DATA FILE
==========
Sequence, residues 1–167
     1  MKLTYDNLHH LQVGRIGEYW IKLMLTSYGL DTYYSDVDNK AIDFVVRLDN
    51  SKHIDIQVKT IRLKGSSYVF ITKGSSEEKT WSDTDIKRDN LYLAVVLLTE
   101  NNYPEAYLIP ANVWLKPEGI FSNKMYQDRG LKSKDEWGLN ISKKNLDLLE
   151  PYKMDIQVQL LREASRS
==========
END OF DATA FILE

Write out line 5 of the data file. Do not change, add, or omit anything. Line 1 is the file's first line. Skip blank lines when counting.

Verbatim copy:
   151  PYKMDIQVQL LREASRS